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Leading Women.An executive briefing.Investigating the lives andcareer trajectories ofRhodes Scholars tounderstand the factorsaffecting the achievementsof successful women andto engage the public in worktoward gender equality.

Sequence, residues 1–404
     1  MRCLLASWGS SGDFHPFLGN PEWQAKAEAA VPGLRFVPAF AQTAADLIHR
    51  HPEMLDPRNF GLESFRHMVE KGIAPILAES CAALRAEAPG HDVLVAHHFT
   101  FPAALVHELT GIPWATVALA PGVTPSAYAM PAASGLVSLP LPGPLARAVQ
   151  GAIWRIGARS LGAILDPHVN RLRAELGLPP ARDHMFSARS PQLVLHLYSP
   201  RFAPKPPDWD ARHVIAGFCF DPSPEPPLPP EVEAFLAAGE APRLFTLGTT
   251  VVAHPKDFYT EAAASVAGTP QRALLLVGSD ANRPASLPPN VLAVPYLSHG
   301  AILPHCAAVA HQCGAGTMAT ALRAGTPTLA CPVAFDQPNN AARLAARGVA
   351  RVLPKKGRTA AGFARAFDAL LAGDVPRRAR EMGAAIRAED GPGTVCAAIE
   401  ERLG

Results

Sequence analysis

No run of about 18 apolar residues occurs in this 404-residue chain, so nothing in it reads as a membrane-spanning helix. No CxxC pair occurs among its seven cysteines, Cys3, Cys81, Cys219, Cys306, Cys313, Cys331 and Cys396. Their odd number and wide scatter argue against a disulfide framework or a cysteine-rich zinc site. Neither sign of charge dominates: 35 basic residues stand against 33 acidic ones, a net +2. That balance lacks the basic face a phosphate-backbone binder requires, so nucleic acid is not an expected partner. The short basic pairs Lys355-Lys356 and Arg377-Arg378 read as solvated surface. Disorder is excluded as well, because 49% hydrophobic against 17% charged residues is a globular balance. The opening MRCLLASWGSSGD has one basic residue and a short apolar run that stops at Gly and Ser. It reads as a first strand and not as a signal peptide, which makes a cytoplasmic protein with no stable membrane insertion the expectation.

Leading WomenRhodes ScholarsLeading Women focuses on the first cohort of women Rhodes ScholarsWomen Rhodes Scholars are a uniqueand rare sample of highly educated women.Many of them have become prominentin professions such as law, medicine,consulting, and investment banking.But many have also established rich familylives without giving up their careers.(elected 1977-1982) to see how the lives and roles of women have changed.When the first women Rhodes Scholars arrived at Oxford in 1977, theymight reasonably have been expected to be equally successful as their malecounterparts. Opening up Rhodes Scholarships to women seemed topromise an escape from the constraints of gender, at least for elite, educatedwomen.Traditionally, women’s place had been assumed to be in the home or officebut not both. By the last quarter of the twentieth century, feminism andgroundbreaking books such as Betty Friedan’s The Feminine Mystique(1963) and Rosabeth Moss Kanter’s Men and Women of the Corporation(1977) were challenging these assumptions.In the 1980s, most educated women were rejecting having to make achoice between career and family and buying into the new rhetoric of“having it all”. Most assumed that they would pursue professional careersafter university on the same basis as men, perhaps even after starting afamily. In Gaudy Night (1935), Dorothy L. Sayers’ alter ego Harriet Vanepresciently questioned, however, whether educated women, “cursed withboth hearts and brains”, could find a compromise between family andcareer. As Sheryl Sandberg’s Lean In (2013) and Alison Wolf’s The XXFactor (2013) suggest, educated women still find that gender matters athome and at work.Our research for the book has been carried out as part of the RhodesProject, an on-going study of women Rhodes Scholars. We have hadunprecedented access to 30 women from the first five years of womenRhodes Scholars as well as to many of the other 1140 women RhodesScholars to date.Our data includes over 100 transcribed interviews with women who talkabout their lives, families and careers and more than 300 survey responses.We support this exciting database with academic research and our ownexperience as senior women academics.Unprecedentedaccess to 30 womenfrom the first fiveyears of womenRhodes ScholarsHaving been selected in part because oftheir accomplishments and leadershippotential, women Rhodes Scholars arenot Sheryl Sandberg’s women who needto lean in because they are afraid to raisetheir hands to ask questions in meetingsor to take a seat at the table, and relativelyfew are Alison Wolf’s alpha females suchas Margaret Thatcher or Angela Merkel.The first cohort of women RhodesScholars are neither the “young, full-timeprofessionals with no children” nor the“middle-aged, part-time, non-professionalswith children” described by Sandberg andWolf. Rather, many have stunning careersand large, happy families. Their experiencespeaks to all women who face the apparentchoice between “hearts” and “brains”.A unique and raresample of highlyeducated women